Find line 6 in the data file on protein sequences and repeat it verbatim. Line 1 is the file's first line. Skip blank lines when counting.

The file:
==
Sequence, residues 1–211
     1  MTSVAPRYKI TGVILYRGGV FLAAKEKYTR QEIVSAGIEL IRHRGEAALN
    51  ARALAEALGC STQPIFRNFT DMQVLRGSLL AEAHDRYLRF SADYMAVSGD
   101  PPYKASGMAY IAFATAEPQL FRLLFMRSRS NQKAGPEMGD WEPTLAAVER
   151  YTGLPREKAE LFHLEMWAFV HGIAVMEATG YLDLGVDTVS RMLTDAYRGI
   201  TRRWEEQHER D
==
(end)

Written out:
   201  TRRWEEQHER D